‘Rottweiler’ fund manager in £1.1bn swoop for TalkTalk

Toscafund’s 97p-a-share offer is considerably lower than the 135p it reportedly offered last year

TalkTalk has opened takeover talks with a hedge fund tycoon nicknamed "the Rottweiler" after he mounted a £1.1bn bid for the phone and broadband provider. 

The FTSE 250 company has agreed to discuss a deal with Martin Hughes' firm Toscafund, which is already its second-largest investor.

Toscafund reportedly offered to buy Talktalk last year for 135p per share, only to have the proposal rejected because the broadband firm's management thought this was too low.

It is now offering just 97p a share, after Talktalk's stock price slumped almost a third in the wake of the Covid crisis.

Shares jumped 18.5pc or 15.4p to 98.7p after the offer was announced, suggesting traders believe the approach could flush out other bidders and push the deal price higher.

The Toscafund takeover would need the backing of Sir Charles Dunstone, the founder and biggest shareholder in TalkTalk, who spun it out of mobile phone retailer Carphone Warehouse 10 years ago. His stake is valued at £342.3m under the terms of the deal, while co-founder David Ross still holds an 11.2pc stake which would be worth £128.7m.

TalkTalk said the possible cash offer would be made by a newly formed company backed by Toscafund, which is known for the confrontational approach Mr Hughes takes with his investments.

The hedge fund previously had a lengthy spat with tool hire firm Speedy Hire, attempting to oust its chairman in 2016 after he resisted pressure to merge with a rival.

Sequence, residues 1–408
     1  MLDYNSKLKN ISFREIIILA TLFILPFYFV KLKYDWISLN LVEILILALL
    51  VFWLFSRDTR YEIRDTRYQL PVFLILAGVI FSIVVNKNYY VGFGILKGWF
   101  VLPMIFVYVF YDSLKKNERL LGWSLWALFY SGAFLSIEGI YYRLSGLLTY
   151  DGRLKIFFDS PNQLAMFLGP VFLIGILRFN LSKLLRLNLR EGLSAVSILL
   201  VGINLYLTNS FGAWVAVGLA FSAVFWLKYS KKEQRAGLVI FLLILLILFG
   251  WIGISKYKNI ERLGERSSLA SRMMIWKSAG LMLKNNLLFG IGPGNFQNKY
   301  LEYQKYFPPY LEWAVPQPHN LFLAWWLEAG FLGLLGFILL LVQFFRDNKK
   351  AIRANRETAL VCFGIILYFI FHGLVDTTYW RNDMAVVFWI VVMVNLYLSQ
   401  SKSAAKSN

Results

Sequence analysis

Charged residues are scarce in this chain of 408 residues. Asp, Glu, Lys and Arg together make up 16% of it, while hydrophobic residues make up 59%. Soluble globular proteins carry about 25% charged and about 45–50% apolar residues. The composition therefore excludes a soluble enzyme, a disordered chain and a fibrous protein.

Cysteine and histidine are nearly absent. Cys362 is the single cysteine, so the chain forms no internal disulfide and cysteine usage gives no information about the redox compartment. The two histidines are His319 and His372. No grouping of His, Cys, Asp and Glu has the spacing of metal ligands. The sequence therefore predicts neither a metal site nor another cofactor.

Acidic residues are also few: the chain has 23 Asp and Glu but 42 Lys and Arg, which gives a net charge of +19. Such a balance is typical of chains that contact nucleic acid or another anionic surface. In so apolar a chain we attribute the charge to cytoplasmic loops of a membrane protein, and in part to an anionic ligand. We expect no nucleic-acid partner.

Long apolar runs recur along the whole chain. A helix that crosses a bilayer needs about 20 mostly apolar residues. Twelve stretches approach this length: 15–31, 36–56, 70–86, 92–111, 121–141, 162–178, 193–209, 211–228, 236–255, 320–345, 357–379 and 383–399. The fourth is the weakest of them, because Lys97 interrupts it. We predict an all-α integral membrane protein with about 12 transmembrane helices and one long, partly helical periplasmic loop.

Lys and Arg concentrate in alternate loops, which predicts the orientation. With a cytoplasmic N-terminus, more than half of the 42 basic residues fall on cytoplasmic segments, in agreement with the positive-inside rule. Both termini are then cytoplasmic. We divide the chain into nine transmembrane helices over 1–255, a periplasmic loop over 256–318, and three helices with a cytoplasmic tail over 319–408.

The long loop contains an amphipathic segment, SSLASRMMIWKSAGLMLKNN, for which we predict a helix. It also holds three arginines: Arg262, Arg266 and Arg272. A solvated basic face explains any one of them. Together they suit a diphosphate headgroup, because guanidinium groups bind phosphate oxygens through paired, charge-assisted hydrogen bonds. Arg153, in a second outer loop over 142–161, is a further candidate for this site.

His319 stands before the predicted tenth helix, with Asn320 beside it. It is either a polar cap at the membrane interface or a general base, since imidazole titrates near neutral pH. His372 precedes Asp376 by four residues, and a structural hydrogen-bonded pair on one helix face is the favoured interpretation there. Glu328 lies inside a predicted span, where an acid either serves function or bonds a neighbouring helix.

Carl Murdock-Smith, an analyst at Berenberg, said Toscafund wants to take full control of TalkTalk but has kept the door open for Sir Charles to remain.  

He said the deal is being structured in such a way that the 55-year-old entrepreneur could retain his 30pc stake in Talktalk after it becomes a privately owned business. Sir Charles - who is currently executive chairman - could also keep a seat on the board.

Mr Murdock-Smith said: “I think it is interesting that they are giving the option for Dunstone to stay. 

“This could enable Dunstone to leave the distraction of public markets.”

The latest offer is a 26pc premium on Wednesday’s closing share price of 83.3p.

TalkTalk has long been regarded as a takeover target given its minnow status compared with rivals such as BT, Sky and Virgin.

Toscafund’s approach comes amid fresh consolidation in the telecoms sector, with Virgin Media and O2 announcing a £31bn mega-merger in May and takeover talk building around the mobile operator Three.  

Britain’s competition watchdog made a formal request to the European Commission (EC) on Thursday for it to oversee the O2 and Virgin deal on the grounds that it will only impact British customers.

The merger  falls under the EC’s remit, but can be referred to the UK’s Competition & Markets Authority. 


TalkTalk has about £775m in debt and was forced to make a £200m cash call two years ago to prevent a breach of its debt agreements.

However, it has benefited from surging demand for broadband services during the pandemic - despite the crisis piling on extra costs. 

TalkTalk warned in the summer that it would take a £15m hit from the crisis as headline revenues slipped 2pc to £1.51bn for the year to March. 

The chaos also sent revenues edging 7pc lower to £358m for the three months to June, but TalkTalk said average revenue per user has significantly improved since then. 

Its churn, the rate at which customers cancel their service, also hit a record low during the period. 

TalkTalk simplified its business at the beginning of the year when it offloaded its broadband building arm Fibrenation to rival CityFibre for £200m.

Sir Charles also came close to selling TalkTalk to O2 four years ago, with the mobile operator looking to fund the move through a £10bn float on the London Stock Exchange. 

However, the deal did not materialise because Brexit uncertainty stopped O2 owner Telefonica from pursuing a listing.